This past year, we’ve posted hundreds of articles on topics ranging from social justice and current events to new music and studying the Bible. We’ve interviewed celebrities and church leaders. We’ve answered reader questions and made recommendations. We’ve posted playlists and movie reviews. But, out of everything we’ve published in 2014, there were some that were shared hundreds of thousands of times on social media, connecting with readers across the world.
Here’s a look at the 10 most read stories we published in 2014.
“You cannot sanitize grace. You can’t stuff it into a blue blazer and make it wear khakis. Grace is messy, offensive, and it sometimes misses church. To expect God to pump prefabricated plastic moral people out of a religious factory is to neuter grace and chain it inside a gated community. If God’s scandalous relationship with the 12 thugs means anything, then we should expect a variegated spectrum of righteousness and be patient—or repentant—when such sanctification doesn’t meet out expectations. God meets us in our mess and pushes holiness out the other side.”
“The most Christ-loving and helpful community might not have the appropriate framework for dealing with such clinical disorders, and many churches don’t have licensed psychologists on the staff. Pastoral staff can be ill-equipped to deal with depression and err toward a spiritual solution rather than psychological or medical treatment.”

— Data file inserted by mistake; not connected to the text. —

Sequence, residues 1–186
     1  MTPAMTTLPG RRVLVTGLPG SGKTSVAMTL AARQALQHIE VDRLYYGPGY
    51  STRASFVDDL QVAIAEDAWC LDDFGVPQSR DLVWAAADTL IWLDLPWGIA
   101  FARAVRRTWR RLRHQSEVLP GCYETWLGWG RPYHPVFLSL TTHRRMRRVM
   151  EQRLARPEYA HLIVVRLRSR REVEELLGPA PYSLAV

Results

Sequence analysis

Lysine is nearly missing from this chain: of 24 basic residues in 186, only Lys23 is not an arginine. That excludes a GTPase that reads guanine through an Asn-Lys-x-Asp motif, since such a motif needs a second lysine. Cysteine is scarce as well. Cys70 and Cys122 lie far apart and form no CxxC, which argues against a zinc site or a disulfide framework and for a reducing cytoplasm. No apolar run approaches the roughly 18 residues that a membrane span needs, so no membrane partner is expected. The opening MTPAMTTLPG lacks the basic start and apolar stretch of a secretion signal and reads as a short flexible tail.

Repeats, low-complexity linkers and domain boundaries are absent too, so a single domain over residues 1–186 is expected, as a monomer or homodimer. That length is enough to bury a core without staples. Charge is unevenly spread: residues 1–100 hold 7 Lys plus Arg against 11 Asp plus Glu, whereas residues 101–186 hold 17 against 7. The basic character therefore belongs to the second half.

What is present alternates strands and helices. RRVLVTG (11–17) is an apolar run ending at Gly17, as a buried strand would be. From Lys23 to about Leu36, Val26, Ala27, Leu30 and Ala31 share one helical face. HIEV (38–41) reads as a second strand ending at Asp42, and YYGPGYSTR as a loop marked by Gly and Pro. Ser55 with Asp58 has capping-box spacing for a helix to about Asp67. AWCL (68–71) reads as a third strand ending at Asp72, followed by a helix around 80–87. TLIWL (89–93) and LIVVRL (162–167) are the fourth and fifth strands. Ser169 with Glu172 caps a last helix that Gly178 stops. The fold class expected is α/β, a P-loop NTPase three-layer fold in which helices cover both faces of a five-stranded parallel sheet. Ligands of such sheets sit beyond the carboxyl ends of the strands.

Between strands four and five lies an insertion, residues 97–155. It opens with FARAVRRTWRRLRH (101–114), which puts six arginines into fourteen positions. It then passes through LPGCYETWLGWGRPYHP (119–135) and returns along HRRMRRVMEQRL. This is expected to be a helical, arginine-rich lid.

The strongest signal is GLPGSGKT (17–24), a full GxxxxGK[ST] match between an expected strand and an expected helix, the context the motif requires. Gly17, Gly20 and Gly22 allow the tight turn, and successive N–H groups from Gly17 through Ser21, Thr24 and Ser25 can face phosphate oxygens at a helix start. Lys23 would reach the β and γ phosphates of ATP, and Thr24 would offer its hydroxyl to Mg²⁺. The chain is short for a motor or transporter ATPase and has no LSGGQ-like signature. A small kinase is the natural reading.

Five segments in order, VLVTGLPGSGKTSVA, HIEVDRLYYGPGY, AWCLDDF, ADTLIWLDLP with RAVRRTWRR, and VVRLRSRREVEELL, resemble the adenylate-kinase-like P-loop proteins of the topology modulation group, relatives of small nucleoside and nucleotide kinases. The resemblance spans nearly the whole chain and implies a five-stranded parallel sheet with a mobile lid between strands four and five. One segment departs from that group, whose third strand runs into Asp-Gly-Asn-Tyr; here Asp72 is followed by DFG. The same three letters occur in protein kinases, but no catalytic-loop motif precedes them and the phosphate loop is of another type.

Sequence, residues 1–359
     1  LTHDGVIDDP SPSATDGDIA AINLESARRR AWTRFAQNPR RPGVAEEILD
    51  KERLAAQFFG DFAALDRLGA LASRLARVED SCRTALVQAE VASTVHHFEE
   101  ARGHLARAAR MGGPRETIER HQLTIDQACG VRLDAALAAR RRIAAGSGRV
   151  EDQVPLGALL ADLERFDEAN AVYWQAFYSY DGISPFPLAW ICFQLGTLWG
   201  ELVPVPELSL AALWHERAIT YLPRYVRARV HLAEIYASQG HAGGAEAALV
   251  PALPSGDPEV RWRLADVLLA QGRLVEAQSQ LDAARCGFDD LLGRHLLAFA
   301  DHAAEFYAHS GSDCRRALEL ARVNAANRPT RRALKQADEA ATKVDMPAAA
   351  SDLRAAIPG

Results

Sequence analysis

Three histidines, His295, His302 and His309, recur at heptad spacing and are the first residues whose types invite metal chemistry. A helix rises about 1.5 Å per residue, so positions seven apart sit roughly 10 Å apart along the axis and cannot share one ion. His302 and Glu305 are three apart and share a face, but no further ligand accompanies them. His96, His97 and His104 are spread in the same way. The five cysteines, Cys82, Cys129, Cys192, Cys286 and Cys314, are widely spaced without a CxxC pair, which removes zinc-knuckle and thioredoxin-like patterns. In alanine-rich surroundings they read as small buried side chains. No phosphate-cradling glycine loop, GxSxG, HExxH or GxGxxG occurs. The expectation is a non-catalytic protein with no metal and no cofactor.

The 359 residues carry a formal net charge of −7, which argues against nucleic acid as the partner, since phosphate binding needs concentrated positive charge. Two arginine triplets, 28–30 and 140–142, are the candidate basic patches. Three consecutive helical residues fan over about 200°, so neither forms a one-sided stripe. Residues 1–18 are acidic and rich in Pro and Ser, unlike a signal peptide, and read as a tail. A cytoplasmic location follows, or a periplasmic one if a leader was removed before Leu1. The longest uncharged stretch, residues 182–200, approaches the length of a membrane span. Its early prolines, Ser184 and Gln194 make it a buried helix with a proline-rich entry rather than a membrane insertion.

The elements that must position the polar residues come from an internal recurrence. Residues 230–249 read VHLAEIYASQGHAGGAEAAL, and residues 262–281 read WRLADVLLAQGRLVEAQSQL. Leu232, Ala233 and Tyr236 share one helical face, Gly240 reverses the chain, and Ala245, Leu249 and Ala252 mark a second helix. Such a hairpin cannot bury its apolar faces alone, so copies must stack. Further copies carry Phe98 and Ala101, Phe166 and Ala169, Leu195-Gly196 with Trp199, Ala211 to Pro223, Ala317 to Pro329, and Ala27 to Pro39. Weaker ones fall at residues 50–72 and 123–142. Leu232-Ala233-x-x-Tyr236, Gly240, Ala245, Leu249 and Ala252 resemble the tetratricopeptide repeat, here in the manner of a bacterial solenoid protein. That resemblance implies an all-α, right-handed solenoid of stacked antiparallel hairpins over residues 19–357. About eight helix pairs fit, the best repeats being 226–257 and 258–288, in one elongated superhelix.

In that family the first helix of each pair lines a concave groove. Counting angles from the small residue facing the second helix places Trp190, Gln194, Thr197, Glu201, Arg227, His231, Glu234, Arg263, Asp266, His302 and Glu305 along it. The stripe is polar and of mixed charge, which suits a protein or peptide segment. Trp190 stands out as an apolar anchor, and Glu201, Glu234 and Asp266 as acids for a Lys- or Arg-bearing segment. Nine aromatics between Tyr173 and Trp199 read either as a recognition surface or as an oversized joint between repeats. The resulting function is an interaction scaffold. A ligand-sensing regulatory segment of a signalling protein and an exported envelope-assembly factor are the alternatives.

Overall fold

“Some people have been turned off by the Gospel because they’ve thought that becoming a Christ-follower meant giving up having a beer with your friends after work. If this is the ‘good news’ we preach, then the true beauty of a crucified and risen King will become covered in the fog of a man-made, pharisaical ‘don’t drink’ gospel.”
Is it any wonder that the number-one justification for divorce is ‘I deserve to be happy’? If you put your faith in your spouse to make you happy, it’s only a matter of time until they let you down. Our whole mindset on happiness is deeply flawed. ‘I deserve to be happy.’ Really? I’m not sure that’s right.
“What if God does not want you to find a perfect person, but find an imperfect person who will draw you closer to Him? What if God desires you to marry a person with flaws to expose yours? What if God wants to teach you the value and life found in committing to one person forever, not the exhausting pursuit of searching your entire life to find the perfect person?”
“It’s never too late to try to write that novel, start that business, travel the world or launch that social activism campaign you’ve always dreamed about. But even if your life goals haven’t happened by the time you’ve hit 30, it doesn’t mean you shouldn’t be content with the life you have. Finding the balance between ambition and contentment isn’t easy, but it’s part of living with big dreams.”
“When we leave at first sign of real conflict, it shortchanges God’s best work in our midst. It sidesteps the process of repentance, forgiveness and grace. It negates the power of the Gospel to bring reconciliation where reconciliation might seem impossible.”
“If your interaction with the internet is driven by a need for approval, consider healthier ways to address this issue and choose to stop reinforcing the unhealthy ones.”
“Of course there will be plenty of times that you’re together and using technology, but healthy couples know how to put down their phones and computers and turn off the TV to spend quality time together. Healthy couples don’t check Twitter on dinner dates.”
“Saving sex for marriage is not a guarantee that you will have great sex or that sex will be easy. All it guarantees is that the person you fumble through it with will be someone who has already committed to love you forever.”